3. Find the positive and negative terminals on each battery. The positive terminals have plus signs and are colored red, and the negative terminals have minus signs and are colored black.

4. Identify the proper ends of your jumper cables. The positive and negative ends correspond with the red and black battery terminals.

5. Attach the red/positive jumper cable to the dead battery’s positive terminal.

6. Attach the other red/positive jumper cable to the live battery’s red/positive terminal.

7. Now attach the black/negative end of the jumper cable to the live battery’s negative terminal.

8. With the other black/negative end of the cable, attach it to an unpainted metal part of the car under the hood with the dead battery. Keep away from the battery itself, but attach the cable to to the engine block–preferably to an unpainted bolt.

9. Clear the area.

10. Start the car with the live engine’s battery.

11. Now start the car with the dead battery. If it turns over, let it run for a few minutes. If it doesn’t start the first time, let it set for another minute or two with the live battery car running. If it still doesn’t work, you’ll need to have your car towed to a qualified mechanic who can get to the root of the problem.

12. If the dead car runs, disconnect the cables in the reverse order of which you attached them. Always check your owner’s manual for manufacturer’s recommendations.

Contact Us Today

If you still can’t get your car up and running, call Performance Truck and Auto at (334) 245-6600. We’ll be happy to diagnose the problem.

Why Is My Car Shaking?

Driving down the road with your car shaking is never ideal. There are a number of things that contribute to vibrations. It may be the tires, a bent rim or the breaks. If car shaking persists, it could damage the tires and suspension.Waveform background isolated. Black and white halftone vector so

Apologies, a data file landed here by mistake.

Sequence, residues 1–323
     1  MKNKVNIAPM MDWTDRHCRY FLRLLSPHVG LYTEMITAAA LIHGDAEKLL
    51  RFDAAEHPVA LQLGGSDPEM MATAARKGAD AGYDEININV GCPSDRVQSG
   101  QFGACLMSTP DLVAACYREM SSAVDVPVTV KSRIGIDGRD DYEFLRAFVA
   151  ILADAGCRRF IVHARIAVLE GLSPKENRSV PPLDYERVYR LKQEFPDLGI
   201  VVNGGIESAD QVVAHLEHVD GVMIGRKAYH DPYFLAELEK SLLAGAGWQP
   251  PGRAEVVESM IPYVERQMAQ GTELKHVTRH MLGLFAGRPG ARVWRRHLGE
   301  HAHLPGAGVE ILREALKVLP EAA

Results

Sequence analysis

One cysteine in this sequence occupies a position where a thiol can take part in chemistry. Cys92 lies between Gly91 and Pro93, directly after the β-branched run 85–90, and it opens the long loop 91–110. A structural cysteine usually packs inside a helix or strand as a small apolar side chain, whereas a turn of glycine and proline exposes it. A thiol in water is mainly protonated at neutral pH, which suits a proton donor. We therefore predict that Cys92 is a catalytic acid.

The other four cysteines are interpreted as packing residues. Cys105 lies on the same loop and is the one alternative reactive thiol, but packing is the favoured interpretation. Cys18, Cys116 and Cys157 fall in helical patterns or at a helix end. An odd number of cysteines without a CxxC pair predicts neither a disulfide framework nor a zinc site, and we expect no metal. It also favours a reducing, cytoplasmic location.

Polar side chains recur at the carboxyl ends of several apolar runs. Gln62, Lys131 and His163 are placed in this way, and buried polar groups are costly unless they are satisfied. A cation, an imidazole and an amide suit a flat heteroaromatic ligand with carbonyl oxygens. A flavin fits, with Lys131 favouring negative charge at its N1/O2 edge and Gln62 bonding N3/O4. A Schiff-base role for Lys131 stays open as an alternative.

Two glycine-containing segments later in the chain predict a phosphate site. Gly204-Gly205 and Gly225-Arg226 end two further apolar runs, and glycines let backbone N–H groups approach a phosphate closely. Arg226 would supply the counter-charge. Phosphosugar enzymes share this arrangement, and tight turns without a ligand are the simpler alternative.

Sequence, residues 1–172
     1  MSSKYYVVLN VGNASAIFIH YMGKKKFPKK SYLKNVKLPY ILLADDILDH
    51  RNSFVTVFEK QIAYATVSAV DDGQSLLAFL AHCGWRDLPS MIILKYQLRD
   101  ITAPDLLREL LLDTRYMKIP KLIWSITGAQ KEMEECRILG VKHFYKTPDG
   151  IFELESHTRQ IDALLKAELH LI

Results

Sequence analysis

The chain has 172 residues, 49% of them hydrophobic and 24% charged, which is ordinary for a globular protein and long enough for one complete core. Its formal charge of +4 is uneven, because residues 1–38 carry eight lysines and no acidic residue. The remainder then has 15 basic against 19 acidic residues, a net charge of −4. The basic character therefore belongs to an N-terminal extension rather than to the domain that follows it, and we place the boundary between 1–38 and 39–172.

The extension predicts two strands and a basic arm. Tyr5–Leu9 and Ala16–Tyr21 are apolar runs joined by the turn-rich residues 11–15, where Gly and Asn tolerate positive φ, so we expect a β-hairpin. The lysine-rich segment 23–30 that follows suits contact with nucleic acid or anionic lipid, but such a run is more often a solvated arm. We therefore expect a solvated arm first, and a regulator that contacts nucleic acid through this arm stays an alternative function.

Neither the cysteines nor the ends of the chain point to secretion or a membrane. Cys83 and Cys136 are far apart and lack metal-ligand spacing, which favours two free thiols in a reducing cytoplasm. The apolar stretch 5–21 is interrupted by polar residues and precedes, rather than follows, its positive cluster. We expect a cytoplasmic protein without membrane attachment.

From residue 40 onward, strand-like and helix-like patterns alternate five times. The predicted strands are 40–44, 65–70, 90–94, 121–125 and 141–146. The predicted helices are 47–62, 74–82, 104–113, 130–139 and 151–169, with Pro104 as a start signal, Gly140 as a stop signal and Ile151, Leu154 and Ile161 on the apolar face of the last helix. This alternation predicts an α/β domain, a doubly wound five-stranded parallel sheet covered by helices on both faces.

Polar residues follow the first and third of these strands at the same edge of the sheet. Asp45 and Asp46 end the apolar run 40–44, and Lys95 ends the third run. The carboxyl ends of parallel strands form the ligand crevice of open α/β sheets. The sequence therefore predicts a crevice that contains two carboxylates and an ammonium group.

A Bumpy Ride Caused by a Bumpy Road

Potholes, curbs, speed bumps, and poor road conditions take their toll on your vehicle. Car shaking and vibrating is often due to tire balance. Having a qualified mechanic balance the tires remedies the situation in many cases.

Other causes of car shaking includes worn suspension parts, brake rotor pulsation, snow, mud, and debris build-up, loose wheel bearings, transmission and motor problems. If your steering wheel shakes, this likely is the cause. Not only is it a nuisance, it could lead to bigger more expensive repairs later down the road.

If car shaking comes from an engine compartment, it may be a lack of air, fuel or spark. Some symptoms to look for is shudder or jerking while accelerating or staccato shaking when the vehicle reaches a specific speed range. Also, it’s alarming if the car starts and drives ok for a while but shakes later on.

Talk to an Expert

Concerned about car shaking? Have a mechanic take a look at things before they worsen. It’s not an alignment you need. Braking and shaking indicates the rotors need replaced or resurfaced.

A new set of spark plugs might do the trick. A dirty or clogged air filter wreaks havoc as well. Replace them as needed according to the manufacturer’s recommendations.
Don’t let car shaking ruin your day. Find out what the cause is and repair it before it becomes a bigger issue. Take your vehicle in and have it serviced by a professional. They’ll be able to diagnose the problem so you can take care of it right away.

Call us today at (334) 245-6600 for more information!

Proudly serving Montgomery, AL and its surrounding areas.